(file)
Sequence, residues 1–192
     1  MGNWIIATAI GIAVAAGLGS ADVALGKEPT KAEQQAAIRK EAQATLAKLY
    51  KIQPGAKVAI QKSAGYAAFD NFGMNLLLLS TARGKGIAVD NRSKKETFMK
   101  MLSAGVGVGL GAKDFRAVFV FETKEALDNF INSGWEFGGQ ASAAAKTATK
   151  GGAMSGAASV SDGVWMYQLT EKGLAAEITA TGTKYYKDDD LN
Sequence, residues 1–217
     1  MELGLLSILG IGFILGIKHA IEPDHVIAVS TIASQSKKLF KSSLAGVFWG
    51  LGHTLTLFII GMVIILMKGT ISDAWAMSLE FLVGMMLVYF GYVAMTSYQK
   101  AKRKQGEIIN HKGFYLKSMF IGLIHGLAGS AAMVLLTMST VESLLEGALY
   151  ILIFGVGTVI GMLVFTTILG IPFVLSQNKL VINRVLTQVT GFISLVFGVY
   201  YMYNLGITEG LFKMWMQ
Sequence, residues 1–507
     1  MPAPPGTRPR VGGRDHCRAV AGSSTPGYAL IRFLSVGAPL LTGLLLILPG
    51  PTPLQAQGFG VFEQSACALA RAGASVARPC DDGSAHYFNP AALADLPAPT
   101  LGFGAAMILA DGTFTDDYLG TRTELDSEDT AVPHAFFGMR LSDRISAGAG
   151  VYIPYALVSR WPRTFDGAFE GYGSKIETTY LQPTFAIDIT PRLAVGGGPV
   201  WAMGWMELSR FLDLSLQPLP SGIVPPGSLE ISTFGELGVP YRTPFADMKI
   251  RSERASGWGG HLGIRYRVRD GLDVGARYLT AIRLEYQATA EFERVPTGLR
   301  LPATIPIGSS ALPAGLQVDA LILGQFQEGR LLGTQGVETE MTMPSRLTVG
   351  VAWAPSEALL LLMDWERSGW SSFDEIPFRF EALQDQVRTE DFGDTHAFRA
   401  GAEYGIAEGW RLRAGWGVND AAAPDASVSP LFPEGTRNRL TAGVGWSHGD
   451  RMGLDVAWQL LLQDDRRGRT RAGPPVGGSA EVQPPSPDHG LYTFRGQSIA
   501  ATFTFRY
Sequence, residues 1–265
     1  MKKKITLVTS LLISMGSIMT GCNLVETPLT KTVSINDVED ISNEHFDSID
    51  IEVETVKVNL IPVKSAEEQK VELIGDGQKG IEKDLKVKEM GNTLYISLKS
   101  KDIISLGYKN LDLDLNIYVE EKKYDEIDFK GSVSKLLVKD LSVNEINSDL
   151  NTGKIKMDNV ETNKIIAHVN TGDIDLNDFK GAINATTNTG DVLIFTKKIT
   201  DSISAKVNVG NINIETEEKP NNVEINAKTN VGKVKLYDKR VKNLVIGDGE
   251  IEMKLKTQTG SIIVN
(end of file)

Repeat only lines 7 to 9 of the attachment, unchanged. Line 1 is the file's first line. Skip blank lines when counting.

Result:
     1  MELGLLSILG IGFILGIKHA IEPDHVIAVS TIASQSKKLF KSSLAGVFWG
    51  LGHTLTLFII GMVIILMKGT ISDAWAMSLE FLVGMMLVYF GYVAMTSYQK
   101  AKRKQGEIIN HKGFYLKSMF IGLIHGLAGS AAMVLLTMST VESLLEGALY